C70 Class Gondola
The C70 class hopper was an improvement over the hugely popular C64 class appearing in late 2005. Like their predecessors, they are transport a wide range of cargo from containers, coal, ballast and general goods. While almost identical in dimensions and appearance, the C70's have an increased load capacity of 70 tons. They are rated to a maximum speed of 120kph. The class were initially painted in an attractive dark blue livery, however this was quickly replaced with standard black as the blue paint was found to fade rapidly when in service.
Link Model's C70 are a little known model that almost slipped under the radar. My sample was kindly provided by Steven Buljubasic of Sydney. These are not to be confused with the much nicer C70 class hopper by XingXing. They are made of plastic asides for a metal plate added for weight.
Packaging consists of a glossy cardboard box with some remarkable Engrish, which deteriorates with every opening/closing and a two piece clear plastic clam shell inner. This piece is possibly the best thing about this model, so that should give you an idea of where we're heading.
The model details are very basic with no undercarriage detail. Side panelling is OK with the door and brace details relatively sharp. Rather than go for micro drilled holes for metal hooks, Link model instead decided to be revolutionary and replace these with large hollowed out squares in the sides (I don't get it either). There are no steps, ladders, air hoses or even a brake wheel - just more these of these large hollowed out squares where they should attach to. Lettering is pale, patchy and blurry. In some places it seems that they've had a few attempts at it.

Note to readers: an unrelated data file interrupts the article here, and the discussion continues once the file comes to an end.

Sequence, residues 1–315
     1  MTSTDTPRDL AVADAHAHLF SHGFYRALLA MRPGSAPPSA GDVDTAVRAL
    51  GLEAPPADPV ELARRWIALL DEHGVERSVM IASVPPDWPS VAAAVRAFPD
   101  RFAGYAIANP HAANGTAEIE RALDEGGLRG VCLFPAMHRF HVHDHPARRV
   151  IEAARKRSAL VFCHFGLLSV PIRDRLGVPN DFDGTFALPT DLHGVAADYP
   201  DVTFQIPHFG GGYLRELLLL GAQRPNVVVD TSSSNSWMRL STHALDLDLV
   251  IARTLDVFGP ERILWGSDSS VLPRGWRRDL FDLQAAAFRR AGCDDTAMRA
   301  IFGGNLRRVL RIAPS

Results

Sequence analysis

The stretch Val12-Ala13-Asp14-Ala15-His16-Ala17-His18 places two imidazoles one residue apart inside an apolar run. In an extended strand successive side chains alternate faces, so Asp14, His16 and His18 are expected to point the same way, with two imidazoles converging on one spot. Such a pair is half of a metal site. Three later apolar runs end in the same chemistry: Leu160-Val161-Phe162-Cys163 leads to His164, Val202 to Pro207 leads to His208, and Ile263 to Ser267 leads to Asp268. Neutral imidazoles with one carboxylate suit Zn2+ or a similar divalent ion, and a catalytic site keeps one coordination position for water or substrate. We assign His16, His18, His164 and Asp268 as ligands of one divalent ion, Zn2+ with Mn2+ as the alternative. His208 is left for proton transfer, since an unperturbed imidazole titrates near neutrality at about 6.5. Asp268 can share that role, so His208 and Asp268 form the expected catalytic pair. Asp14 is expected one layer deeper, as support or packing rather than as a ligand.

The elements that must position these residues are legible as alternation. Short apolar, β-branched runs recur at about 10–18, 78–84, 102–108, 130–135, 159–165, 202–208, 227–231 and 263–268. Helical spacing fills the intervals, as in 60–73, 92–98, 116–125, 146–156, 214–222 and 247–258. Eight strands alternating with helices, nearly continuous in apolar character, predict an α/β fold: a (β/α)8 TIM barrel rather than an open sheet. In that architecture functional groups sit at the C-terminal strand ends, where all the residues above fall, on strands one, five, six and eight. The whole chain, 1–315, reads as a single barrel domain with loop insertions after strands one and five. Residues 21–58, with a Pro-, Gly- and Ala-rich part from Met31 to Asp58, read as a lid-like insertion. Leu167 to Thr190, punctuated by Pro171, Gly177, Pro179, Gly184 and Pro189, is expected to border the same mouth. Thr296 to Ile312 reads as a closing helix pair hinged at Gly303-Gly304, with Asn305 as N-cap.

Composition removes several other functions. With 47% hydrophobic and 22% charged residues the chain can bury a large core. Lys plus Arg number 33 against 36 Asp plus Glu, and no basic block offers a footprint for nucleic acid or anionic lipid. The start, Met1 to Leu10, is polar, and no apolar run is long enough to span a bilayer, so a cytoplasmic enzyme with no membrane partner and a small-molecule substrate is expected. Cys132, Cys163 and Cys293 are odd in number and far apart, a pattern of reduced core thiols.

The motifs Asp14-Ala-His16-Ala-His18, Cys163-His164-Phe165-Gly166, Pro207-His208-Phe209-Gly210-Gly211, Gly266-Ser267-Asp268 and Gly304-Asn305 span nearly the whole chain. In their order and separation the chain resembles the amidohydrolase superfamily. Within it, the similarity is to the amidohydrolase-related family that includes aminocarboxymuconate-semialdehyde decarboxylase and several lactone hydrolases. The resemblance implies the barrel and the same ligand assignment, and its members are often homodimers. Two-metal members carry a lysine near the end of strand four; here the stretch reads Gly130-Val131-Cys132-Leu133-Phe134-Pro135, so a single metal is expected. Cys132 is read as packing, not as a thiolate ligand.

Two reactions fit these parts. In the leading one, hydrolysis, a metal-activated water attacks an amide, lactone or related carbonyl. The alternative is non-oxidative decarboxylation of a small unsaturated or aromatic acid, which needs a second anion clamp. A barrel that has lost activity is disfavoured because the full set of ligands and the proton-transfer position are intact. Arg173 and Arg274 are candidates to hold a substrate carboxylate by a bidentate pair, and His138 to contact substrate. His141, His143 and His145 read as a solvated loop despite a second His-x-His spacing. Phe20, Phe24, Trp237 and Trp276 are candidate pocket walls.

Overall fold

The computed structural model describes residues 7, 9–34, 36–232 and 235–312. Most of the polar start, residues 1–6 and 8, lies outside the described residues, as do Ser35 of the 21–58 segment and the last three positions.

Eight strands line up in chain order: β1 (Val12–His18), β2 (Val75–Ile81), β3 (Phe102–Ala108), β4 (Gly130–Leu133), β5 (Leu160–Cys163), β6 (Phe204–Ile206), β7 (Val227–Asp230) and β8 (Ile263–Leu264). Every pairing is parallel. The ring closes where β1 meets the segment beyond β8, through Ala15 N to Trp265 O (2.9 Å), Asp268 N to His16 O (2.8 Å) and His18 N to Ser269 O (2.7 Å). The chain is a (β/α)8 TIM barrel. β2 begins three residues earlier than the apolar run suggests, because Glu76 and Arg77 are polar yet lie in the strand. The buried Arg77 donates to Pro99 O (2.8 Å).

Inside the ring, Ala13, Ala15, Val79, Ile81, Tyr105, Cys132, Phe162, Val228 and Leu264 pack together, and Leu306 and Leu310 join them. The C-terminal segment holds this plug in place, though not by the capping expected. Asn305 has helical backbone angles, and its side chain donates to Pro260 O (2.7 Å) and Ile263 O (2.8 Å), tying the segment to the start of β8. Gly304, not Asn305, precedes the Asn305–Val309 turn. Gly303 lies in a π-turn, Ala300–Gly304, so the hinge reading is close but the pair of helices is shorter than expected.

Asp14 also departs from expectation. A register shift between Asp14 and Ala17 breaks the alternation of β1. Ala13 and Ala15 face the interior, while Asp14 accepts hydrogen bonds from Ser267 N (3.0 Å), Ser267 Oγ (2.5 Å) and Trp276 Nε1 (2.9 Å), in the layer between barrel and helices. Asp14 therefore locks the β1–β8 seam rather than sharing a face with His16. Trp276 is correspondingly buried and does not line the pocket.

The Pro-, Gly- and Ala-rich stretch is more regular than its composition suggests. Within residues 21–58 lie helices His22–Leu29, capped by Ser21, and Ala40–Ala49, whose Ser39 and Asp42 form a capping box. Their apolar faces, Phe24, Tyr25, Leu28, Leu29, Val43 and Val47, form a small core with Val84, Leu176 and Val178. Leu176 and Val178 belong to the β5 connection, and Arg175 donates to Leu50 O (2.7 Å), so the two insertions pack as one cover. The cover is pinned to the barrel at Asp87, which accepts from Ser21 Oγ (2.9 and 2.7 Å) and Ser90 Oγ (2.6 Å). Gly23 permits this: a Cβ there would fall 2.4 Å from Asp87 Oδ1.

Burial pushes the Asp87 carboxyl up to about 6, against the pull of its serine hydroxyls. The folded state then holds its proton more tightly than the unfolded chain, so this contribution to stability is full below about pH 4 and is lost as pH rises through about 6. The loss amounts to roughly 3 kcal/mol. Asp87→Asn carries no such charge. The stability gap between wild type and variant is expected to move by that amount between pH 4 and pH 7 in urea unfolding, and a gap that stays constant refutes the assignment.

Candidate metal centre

The most obvious problem with these cars is body warp. These are the first plastic HO scale models I have ever seen with a three dimensional body twist. It doesn't matter what angle you look at them from, it just stares at you in the face... mocking you. I've noticed a number of small air pockets in the plastic body shell also.
The interior holds a metal weight inside which is screwed onto the floor. A separate plastic floor panel is provided which flops about at various angles as it can't sit flat thanks to the screw heads holding the weight in place. There is a removable coal load provided, ala-Bachmann C64K style, with minimal detail. Unmodified, the edges sit above the sides of the car which makes it look somewhat hilarious. If you're one of the lucky ones, you may also find the coal load is about 4-5mm's too short in length (Steven's other examples have this novel feature).
The wheel sets have acceptable detail and are attached to the body with screws. It would have been nice if they could have screwed both wheel sets dead centre. The wheels themselves are made from metal and are chemically darkened. They are also seriously out of gauge. These can be pushed to the correct dimensions with a moderate amount of force.
Initially the wheels on mine were out of gauge leading to derailments on my test track. But as mentioned above, this was really the least of my problems. The weight is screwed to the floor of the car at an uneven angle and the bogies are also unevenly positioned in an almost opposite direction. What ensues is many hours of side splitting laughter as you watch it wobble its way down the track like one of those googly-head dolls that sit on the dashboard of a car.
The model is equipped with plastic knuckle couplers, with the coupler heads being somewhat oversized. They are somewhat compatible with other knuckle coupler types such as Bachmann EZ-Mates or Kadee's. The coupler box will accommodate most Kadee types for a replacement, however I suspect any modellers with a modicum of self respect will not even bother wasting a perfectly good set of couplers on one of these.